Austin’s visit also comes amid indications the Israel-Iran conflict was increasingly being waged at sea, marking a change in the conflict that previously took place primarily via airstrikes, cyberattacks, alleged espionage activities, and on land.

Israeli officials have refused to comment on the matter, in line with a longstanding policy of ambiguity regarding its military actions against Iran in the region, save for those that are direct, immediate retaliations for attacks on Israel.

Times of Israel staff and agencies contributed to this report.

Blast at Natanz was caused by bomb planted near main electric line – Israeli TV

April 14, 2021

Report says enrichment facility entirely stopped functioning since blast, nuclear program set back by at least 6 months; separate report says advanced centrifuges damaged

FILE: Iran's nuclear enrichment facility in Natanz, 300 kilometers (186 miles) south of the capital Tehran, on April 9, 2007. (Hasan Sarbakhshian/AP)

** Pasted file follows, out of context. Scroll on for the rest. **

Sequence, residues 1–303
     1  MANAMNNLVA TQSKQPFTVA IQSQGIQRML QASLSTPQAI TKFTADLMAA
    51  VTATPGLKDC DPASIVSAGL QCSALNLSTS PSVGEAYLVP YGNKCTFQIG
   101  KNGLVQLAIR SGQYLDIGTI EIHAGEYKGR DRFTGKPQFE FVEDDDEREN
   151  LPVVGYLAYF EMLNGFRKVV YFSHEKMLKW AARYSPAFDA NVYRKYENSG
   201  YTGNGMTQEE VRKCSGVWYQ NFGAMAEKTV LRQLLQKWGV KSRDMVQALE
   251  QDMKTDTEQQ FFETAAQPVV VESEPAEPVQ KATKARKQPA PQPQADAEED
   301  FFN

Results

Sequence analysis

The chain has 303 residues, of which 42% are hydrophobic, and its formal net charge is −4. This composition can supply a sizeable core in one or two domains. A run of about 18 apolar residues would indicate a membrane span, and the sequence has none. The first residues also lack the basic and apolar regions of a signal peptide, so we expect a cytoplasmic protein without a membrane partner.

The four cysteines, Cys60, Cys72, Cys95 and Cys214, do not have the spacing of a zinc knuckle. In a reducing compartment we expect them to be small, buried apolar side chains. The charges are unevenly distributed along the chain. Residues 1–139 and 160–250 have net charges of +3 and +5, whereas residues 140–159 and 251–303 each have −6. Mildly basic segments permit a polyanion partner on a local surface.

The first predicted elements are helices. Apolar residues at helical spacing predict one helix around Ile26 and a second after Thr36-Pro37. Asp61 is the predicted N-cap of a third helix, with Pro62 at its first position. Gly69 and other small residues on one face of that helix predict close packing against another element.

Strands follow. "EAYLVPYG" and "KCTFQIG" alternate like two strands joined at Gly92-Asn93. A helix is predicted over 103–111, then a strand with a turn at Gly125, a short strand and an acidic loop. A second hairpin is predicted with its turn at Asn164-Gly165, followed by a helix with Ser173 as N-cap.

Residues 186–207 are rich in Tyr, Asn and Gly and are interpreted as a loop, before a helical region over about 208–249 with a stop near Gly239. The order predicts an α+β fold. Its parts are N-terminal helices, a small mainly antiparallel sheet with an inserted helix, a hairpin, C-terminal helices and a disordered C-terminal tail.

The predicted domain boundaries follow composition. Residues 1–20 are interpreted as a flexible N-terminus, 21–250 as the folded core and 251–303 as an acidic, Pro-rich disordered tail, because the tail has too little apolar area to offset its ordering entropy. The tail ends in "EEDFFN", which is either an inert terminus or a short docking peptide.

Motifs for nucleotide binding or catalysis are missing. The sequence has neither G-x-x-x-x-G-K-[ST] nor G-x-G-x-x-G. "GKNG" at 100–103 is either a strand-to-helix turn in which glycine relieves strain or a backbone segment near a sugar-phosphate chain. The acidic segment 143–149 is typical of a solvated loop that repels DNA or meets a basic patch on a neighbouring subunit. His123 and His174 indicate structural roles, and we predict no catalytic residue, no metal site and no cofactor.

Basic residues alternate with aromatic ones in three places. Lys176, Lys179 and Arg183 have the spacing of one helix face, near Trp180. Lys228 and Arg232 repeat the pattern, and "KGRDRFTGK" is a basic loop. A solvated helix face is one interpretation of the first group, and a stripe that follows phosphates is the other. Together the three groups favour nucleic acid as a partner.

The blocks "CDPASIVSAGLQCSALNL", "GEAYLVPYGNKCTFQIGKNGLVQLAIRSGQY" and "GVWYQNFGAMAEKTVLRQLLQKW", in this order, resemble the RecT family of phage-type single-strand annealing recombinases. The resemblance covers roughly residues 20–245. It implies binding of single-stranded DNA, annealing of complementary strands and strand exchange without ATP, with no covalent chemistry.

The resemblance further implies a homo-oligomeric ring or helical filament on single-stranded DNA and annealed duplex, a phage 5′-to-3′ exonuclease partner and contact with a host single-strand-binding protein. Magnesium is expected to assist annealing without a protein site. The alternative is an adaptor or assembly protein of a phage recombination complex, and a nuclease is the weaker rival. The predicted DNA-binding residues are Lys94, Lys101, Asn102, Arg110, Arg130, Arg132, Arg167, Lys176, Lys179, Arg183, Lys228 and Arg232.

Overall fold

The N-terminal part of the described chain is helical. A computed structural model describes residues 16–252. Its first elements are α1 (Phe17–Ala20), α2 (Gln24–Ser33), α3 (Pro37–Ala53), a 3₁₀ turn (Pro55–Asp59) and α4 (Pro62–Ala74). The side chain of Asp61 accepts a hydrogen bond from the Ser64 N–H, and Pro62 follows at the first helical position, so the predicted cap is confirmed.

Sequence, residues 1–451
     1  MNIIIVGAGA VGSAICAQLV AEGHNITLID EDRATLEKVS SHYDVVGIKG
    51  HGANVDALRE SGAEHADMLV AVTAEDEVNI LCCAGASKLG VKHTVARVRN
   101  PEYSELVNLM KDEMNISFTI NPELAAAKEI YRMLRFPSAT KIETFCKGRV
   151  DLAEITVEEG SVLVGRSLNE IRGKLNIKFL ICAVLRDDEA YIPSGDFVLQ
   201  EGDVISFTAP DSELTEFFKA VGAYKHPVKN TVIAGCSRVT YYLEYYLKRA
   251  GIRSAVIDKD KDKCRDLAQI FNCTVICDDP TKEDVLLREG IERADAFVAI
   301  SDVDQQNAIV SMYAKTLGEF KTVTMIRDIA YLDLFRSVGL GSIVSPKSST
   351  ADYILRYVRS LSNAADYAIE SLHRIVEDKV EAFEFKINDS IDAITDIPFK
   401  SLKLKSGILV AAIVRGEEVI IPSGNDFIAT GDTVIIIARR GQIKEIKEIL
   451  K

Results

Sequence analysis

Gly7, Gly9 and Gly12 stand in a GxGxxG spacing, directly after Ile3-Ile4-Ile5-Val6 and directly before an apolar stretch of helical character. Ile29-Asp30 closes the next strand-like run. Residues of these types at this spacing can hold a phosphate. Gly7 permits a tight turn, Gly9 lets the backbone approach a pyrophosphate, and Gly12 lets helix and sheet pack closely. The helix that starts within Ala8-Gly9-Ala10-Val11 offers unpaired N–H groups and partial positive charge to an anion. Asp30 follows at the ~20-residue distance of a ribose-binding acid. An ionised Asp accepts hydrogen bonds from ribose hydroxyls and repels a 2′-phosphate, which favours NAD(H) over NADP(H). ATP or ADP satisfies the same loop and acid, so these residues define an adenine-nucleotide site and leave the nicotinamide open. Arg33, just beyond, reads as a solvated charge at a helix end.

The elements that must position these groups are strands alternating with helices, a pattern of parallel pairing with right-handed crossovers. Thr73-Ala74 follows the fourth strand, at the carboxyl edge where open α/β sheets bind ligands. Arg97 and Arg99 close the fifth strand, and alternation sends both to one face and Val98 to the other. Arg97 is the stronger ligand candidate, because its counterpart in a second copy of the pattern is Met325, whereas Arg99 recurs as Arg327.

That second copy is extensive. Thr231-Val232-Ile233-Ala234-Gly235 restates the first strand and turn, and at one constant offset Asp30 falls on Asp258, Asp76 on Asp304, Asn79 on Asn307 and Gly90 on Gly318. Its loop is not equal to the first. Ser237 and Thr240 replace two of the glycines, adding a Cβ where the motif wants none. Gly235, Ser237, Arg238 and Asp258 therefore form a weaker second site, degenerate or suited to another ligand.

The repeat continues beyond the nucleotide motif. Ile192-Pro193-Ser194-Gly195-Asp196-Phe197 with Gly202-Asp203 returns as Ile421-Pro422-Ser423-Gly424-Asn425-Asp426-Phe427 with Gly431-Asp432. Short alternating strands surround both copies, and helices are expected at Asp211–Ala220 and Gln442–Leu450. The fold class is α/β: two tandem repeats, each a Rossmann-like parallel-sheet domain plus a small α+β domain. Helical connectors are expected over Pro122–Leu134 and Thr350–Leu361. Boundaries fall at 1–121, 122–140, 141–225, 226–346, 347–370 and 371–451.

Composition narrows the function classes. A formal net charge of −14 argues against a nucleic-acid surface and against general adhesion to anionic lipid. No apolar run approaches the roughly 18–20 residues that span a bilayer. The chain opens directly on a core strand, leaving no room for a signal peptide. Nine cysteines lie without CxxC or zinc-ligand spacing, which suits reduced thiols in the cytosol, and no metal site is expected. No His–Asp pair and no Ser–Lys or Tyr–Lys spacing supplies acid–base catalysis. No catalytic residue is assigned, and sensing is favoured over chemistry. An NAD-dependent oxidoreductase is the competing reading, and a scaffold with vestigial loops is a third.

FILE: Iran’s nuclear enrichment facility in Natanz, 300 kilometers (186 miles) south of the capital Tehran, on April 9, 2007. (Hasan Sarbakhshian/AP)

A blast at Iran’s Natanz nuclear enrichment facility that has been attributed to Israel was caused by a bomb planted at the site in advance, an Israeli television report said Monday.

According to Channel 13 news, the bomb went off Sunday at 4 a.m., when some 1,000 workers were at Natanz. The facility was reportedly evacuated immediately after the blast over fears of further bombs, but no other explosives were found.

The report, which did not cite a source, said the explosive was placed near the main electricity line at Natanz and that when it detonated, the entire facility stopped functioning. The facility remains non-functional, the report said, with the program set back by months.

“All the signs point to this being the worst attack that Iran’s nuclear program has suffered… at the most important Iranian nuclear facility,” said Alon Ben-David, the network’s military analyst.